Bennett, Ann (nee Johnson) (1823-1900)

Transcription of Obituary In the Primitive Methodist Magazine by H.J. Taylor

The Derby Road Church, Southport, with many others in various parts of the Connexion, mourns the loss of Mrs. T. Bennett. She changed mortality for life on May, 1900 , aged seventy-seven, after but a few hours’ illness.

Mrs. Bennett belonged to the second generation of Primitive Methodists. The first generation of men and women, who had founded our Church, were fast closing their activities when the late James Jackson and Robert Eglan missioned Newport, in Essex, Mrs. Bennett’s native village. Primitive Methodism had already justified its existence, and had spread into almost every county in England, and gathered thousands of members. Mrs. Bennett, a girl of fifteen, heard the missionaries, accepted their message, yielded herself up to God, and immediately joined the little Primitive Methodist Church. This was the year after the Queen ascended the throne. She at once became an active member, and for sixty-two years she remained in active service. But those of us, who have only witnessed the last decade of her life, have no adequate conception of her activity. The generation of Primitive Methodists to which she belonged lacked some things of these later days, but they had characteristics which we may wisely covet. They were thorough, they had an experimental knowledge of salvation, they lived a life of prayer, they did something to get other people saved. Religious work to them meant more than singing and praying, and begging, and arranging meetings and teas; religious work meant getting people to give themselves up to Jesus Christ, body, soul and spirit, and if ever a woman in our Church did this, Mrs. Bennett was that woman. Her spheres were all the spheres which our Church provides for soul-winning: the Sunday school class, the open-air mission, the prayer meeting, and the pulpit. She entered all these, and used her own gifts with advantage to the Church in them all. For over thirty years she travelled various Circuits with our dear bereaved friend, the Rev. Thos. Bennett. He gratefully admitted, while she lived, that he attributed much of his success to her. She co-operated joyfully in all his labours, and bore with him his responsibilities. If she was not a daughter of the college, she was a devoted disciple of Jesus Christ; if she has left no literary remains, she has left the memory of a character without a stain; if her work is not commemorated in marble, it is commemorated in the redeemed lives she, in the school and class and village pulpit, led to Christ. If her praise is not published abroad, it is better still in the home, in the heart of her sorrowing husband, daughter and grand-children. And we thank God that our Church has had the advantage, in the closing years of her life, of her interest, sympathy and constant prayers.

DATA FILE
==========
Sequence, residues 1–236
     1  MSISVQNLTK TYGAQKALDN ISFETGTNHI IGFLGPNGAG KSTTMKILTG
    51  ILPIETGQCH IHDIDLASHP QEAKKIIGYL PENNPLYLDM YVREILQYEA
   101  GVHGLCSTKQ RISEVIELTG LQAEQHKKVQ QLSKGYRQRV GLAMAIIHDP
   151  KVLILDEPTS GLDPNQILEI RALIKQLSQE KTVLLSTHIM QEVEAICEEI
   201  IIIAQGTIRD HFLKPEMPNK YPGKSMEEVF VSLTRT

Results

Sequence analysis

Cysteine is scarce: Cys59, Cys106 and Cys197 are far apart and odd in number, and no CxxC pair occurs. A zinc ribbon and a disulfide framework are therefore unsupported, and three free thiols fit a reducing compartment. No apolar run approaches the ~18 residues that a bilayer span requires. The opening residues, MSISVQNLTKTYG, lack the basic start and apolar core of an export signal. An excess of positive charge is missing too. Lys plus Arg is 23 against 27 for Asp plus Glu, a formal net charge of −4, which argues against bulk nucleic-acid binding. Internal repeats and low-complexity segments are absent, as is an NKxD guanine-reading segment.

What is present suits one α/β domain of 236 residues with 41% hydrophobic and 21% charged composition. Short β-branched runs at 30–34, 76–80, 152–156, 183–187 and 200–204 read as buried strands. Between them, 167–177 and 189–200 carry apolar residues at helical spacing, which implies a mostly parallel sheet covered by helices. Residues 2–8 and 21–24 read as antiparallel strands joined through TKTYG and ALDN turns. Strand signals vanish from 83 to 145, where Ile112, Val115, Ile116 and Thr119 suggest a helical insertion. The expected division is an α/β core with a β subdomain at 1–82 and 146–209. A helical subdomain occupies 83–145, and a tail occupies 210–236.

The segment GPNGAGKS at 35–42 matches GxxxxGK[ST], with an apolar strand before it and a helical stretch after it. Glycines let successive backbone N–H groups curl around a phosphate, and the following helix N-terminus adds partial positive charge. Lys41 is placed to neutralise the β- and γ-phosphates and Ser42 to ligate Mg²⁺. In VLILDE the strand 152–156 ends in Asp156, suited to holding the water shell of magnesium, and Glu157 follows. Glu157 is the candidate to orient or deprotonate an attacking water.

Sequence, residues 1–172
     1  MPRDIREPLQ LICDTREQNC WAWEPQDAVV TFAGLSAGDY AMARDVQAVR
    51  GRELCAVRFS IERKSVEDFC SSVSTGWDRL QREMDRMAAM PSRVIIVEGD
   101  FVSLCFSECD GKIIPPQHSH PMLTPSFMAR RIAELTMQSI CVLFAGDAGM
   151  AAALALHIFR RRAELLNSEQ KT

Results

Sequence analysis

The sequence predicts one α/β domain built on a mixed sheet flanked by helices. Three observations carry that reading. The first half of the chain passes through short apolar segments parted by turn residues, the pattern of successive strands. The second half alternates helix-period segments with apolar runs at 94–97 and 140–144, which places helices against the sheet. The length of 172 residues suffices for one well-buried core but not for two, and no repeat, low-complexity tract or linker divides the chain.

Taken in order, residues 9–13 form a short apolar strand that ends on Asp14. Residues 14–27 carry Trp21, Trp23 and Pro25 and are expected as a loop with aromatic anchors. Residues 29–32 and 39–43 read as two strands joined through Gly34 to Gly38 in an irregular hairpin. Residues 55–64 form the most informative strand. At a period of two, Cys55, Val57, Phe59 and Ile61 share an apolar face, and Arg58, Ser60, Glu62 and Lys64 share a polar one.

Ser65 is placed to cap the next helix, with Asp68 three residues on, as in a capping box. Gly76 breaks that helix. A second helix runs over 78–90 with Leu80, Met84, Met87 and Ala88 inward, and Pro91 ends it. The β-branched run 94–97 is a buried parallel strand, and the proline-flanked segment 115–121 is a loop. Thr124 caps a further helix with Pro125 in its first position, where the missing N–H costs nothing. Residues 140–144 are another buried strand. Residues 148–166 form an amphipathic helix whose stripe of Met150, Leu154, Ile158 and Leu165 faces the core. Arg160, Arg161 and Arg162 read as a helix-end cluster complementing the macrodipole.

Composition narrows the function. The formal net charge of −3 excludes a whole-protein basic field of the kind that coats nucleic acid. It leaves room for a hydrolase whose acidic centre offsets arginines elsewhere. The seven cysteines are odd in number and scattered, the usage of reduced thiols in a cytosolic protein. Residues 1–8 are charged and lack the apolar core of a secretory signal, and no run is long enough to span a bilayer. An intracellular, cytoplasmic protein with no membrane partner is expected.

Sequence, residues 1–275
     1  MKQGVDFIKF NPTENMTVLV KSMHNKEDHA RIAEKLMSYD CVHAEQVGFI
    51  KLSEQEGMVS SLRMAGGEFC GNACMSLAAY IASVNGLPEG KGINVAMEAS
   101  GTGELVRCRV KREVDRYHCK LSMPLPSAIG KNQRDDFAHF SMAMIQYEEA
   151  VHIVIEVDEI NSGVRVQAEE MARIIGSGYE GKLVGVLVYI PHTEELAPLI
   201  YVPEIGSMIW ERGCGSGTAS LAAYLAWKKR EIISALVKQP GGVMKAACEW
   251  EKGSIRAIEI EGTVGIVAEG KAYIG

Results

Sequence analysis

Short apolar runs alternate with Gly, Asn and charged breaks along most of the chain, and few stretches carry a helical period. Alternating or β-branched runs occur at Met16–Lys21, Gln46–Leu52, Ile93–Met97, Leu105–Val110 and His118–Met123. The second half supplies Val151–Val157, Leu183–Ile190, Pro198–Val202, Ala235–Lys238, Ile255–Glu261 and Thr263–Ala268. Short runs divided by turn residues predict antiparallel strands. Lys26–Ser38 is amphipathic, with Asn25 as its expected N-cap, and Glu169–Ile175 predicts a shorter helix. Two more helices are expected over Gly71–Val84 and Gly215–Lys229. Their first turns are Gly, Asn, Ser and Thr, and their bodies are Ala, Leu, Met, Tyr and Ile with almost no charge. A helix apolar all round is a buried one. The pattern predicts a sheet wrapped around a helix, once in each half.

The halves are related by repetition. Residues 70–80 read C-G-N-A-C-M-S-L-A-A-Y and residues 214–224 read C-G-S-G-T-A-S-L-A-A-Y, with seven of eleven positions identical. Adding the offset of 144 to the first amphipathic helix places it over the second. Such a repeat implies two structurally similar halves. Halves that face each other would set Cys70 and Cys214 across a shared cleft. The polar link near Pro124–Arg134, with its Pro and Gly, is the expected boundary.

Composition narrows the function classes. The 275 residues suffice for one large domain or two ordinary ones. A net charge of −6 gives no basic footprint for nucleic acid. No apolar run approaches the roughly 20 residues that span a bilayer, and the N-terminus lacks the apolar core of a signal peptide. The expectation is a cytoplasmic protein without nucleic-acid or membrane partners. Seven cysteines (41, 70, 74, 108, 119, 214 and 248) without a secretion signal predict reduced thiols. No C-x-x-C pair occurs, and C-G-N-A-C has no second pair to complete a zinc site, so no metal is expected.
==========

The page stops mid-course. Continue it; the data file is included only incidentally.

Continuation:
The Rev. H. J. Taylor, pastor, assisted by the Revs. T. Wilshaw, J.E. Hughes and G.W. Meachim, officiated at the funeral, and many friends attended


Ann was born on 13 February 1823 at Saffron Waldon, Essex, to parents John, a farmer, and Ruth. The 1851 census identifies that Ann worked as a bonnet maker before her marriage.

Ann married Thomas Bennett (1822-1919), a Primitive Methodist minister, in the spring of 1852 at Saffron Walden, Essex. Census returns identify one child.

  • Mary Maria (1856-1940) – married James Turner Bibby, a commercial traveller


Primitive Methodist Magazine 1902/147

Census Returns and Births, Marriages & Deaths Registers

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